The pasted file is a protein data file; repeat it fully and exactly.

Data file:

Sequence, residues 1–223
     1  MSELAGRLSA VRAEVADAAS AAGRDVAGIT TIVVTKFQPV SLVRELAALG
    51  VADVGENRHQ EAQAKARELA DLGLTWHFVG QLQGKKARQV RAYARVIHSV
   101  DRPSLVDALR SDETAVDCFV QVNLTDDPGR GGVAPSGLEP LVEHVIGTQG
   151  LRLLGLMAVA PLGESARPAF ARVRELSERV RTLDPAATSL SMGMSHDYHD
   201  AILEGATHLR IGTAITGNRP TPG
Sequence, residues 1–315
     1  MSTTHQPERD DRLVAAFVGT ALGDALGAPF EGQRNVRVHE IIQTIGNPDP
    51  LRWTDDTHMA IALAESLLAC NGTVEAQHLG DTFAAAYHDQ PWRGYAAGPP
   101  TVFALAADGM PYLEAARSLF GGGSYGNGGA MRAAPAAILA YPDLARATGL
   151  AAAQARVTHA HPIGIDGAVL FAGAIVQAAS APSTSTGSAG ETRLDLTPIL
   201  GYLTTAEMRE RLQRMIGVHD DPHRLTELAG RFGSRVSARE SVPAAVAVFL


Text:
Sequence, residues 1–223
     1  MSELAGRLSA VRAEVADAAS AAGRDVAGIT TIVVTKFQPV SLVRELAALG
    51  VADVGENRHQ EAQAKARELA DLGLTWHFVG QLQGKKARQV RAYARVIHSV
   101  DRPSLVDALR SDETAVDCFV QVNLTDDPGR GGVAPSGLEP LVEHVIGTQG
   151  LRLLGLMAVA PLGESARPAF ARVRELSERV RTLDPAATSL SMGMSHDYHD
   201  AILEGATHLR IGTAITGNRP TPG
Sequence, residues 1–315
     1  MSTTHQPERD DRLVAAFVGT ALGDALGAPF EGQRNVRVHE IIQTIGNPDP
    51  LRWTDDTHMA IALAESLLAC NGTVEAQHLG DTFAAAYHDQ PWRGYAAGPP
   101  TVFALAADGM PYLEAARSLF GGGSYGNGGA MRAAPAAILA YPDLARATGL
   151  AAAQARVTHA HPIGIDGAVL FAGAIVQAAS APSTSTGSAG ETRLDLTPIL
   201  GYLTTAEMRE RLQRMIGVHD DPHRLTELAG RFGSRVSARE SVPAAVAVFL